Without hesitation, Devil Doc Donald Ballard did what few could imagine and threw his body onto the live grenade to shield his wounded Marine from damage. Inviting near certain death, Ballard covered the grenade and waited. In the history of jumping on grenades, most die while there is still a decent chance of surviving albeit with horrible injuries. Knowing the consequences, Ballard awaited his fate and then the inexplicable occurred. The grenade didn’t go off.
After enough time had passed, Ballard rose to his feet, wiped the sweat from his brow and carried on with the mission of treating wounded Marines as if nothing had occurred. He performed one of the most heroic acts one can commit in the course of war and apart from likely needing a change of underwear, walked away unharmed.
Ballard would continue the battle and finish out his tour in Vietnam. In 1970, Devil Doc Donald Ballard received the Medal of Honor from President Nixon.
After Vietnam and receiving the Medal of Honor, he enlisted in Army officer candidate school and was eventually commissioned in the Army. It is reported that General Westmoreland offered Ballard a direct commission, but he refused for reasons he deemed personal.
He joined the Kansas National Guard in 1973 and would go on to serve in various medical roles in the Army as an officer. Rising to the rank of Colonel, Ballard retired in 2000 some 32 years after his life likely would have ended next to a wounded Marine in Vietnam.
The United States Marine Corps is an elite club of warfighters who pride themselves on their esprit de corps to win battles. But if you think their beloved Devil Docs are not considered one of their own, then just try just watch Marines stand in defense if anyone should deride their beloved Doc.
Because the few, the proud, the Marines never march into battle without their Devil Docs and men like Donald E. Ballard show you exactly why that is so.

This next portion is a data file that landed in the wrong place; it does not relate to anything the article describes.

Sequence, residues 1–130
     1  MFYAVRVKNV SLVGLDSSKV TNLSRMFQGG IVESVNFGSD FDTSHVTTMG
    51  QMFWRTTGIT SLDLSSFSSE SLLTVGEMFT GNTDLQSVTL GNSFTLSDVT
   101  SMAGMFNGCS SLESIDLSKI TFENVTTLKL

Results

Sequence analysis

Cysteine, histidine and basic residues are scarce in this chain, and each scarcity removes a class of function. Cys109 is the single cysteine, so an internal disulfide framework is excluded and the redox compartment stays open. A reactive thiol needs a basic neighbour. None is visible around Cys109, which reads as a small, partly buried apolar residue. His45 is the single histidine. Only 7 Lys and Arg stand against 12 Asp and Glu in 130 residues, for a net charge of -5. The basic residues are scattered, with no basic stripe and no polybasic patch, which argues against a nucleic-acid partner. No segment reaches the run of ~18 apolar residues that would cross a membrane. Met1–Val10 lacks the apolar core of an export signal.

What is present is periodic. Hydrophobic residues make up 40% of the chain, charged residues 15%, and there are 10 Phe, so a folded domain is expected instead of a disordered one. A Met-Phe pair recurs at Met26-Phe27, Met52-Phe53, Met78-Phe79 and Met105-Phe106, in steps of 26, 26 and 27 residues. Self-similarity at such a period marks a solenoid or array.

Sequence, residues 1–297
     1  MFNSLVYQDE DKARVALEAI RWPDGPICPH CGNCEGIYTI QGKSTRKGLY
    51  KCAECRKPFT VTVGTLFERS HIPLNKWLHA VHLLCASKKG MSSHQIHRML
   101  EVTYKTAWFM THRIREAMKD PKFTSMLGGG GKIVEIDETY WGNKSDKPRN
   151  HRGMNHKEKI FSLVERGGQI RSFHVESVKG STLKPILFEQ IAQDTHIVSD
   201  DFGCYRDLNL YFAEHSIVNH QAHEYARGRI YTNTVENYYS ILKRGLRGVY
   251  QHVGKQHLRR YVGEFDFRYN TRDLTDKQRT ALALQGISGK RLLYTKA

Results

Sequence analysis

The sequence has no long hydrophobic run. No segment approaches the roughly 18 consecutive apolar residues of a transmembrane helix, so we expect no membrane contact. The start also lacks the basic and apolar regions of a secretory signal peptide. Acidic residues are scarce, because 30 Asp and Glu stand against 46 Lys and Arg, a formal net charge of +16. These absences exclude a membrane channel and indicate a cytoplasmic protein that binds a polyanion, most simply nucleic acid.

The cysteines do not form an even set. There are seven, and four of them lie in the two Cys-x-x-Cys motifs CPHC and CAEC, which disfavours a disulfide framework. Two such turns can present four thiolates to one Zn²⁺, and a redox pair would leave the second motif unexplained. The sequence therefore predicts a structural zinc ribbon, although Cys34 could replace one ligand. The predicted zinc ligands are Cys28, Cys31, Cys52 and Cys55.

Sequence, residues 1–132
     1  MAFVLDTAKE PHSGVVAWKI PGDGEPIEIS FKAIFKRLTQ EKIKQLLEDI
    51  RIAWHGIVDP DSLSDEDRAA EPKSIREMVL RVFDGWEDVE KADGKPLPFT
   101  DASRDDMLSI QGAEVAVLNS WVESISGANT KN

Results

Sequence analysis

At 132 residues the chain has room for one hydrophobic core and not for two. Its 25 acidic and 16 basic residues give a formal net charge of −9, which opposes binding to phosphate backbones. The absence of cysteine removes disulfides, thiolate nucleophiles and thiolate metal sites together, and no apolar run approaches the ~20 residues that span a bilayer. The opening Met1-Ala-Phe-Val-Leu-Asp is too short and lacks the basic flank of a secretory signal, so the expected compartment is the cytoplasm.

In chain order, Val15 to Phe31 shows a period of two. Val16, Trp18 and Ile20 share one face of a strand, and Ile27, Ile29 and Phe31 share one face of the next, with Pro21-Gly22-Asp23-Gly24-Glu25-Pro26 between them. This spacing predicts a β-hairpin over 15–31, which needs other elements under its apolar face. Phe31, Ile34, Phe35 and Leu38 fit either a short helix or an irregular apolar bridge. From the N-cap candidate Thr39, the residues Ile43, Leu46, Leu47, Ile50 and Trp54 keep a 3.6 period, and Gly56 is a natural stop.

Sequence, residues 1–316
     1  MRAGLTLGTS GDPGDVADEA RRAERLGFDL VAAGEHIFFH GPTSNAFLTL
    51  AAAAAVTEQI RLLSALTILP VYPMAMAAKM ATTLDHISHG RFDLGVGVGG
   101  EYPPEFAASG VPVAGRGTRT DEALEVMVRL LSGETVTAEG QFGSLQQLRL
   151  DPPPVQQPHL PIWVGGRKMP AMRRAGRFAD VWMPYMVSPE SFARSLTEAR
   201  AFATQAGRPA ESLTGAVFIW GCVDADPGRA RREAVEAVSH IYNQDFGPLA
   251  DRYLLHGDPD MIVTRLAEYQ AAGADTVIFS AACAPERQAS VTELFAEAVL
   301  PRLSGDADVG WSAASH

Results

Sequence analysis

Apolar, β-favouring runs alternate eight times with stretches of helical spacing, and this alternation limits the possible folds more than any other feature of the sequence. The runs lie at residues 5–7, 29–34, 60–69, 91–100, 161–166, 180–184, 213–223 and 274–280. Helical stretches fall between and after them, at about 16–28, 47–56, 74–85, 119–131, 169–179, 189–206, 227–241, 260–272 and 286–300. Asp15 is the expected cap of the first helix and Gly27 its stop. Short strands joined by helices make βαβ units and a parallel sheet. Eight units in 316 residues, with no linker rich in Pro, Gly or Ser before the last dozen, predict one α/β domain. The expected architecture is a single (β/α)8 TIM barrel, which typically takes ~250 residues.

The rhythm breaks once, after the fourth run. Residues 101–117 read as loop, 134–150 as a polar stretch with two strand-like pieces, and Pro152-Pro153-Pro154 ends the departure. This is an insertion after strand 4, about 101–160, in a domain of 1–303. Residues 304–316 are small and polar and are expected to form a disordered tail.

U.S. Navy recipients of the Medal of Honor, Vietnam
Hospital Corpsman Third Class Donald E. Ballard, United States Navy:
For conspicuous gallantry and intrepidity at the risk of his life above and beyond the call of duty on 16 May 1968 while serving as a Corpsman with Company M, 3d Battalion, 4th Marines, 3d Marine Division in connection with operations against enemy aggressor forces in the Republic of Vietnam. During the afternoon hours, Company M was moving to join the remainder of the 3d Battalion in Quang Tri Province. After treating and evacuating two heat casualties, Petty Officer Ballard was returning to his platoon from the evacuation landing zone when the company was ambushed by a North Vietnamese Army unit employing automatic weapons and mortars, and sustained numerous casualties. Observing a wounded Marine, Petty Officer Ballard unhesitatingly moved across the fire- swept terrain to the injured man and swiftly rendered medical assistance to his comrade. Petty Officer Ballard then directed four Marines to carry the casualty to a position of relative safety. As the four men prepared to move the wounded Marine, an enemy soldier suddenly left his concealed position and, after hurling a hand grenade which landed near the casualty, commenced firing upon the small group of men. Instantly shouting a warning to the Marines, Petty Officer Ballard fearlessly threw himself upon the lethal explosive device to protect his comrades from the deadly blast. When the grenade failed to detonate, he calmly arose from his dangerous position and resolutely continued his determined efforts in treating other Marine casualties. Petty Officer Ballard’s heroic actions and selfless concern for the welfare of his companions served to inspire all who observed him and prevented possible injury or death to his fellow Marines. His courage, daring initiative, and unwavering devotion to duty in the face of extreme personal danger, sustain and enhance the finest traditions of the United States Naval Service.
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Story by Jeff Edwards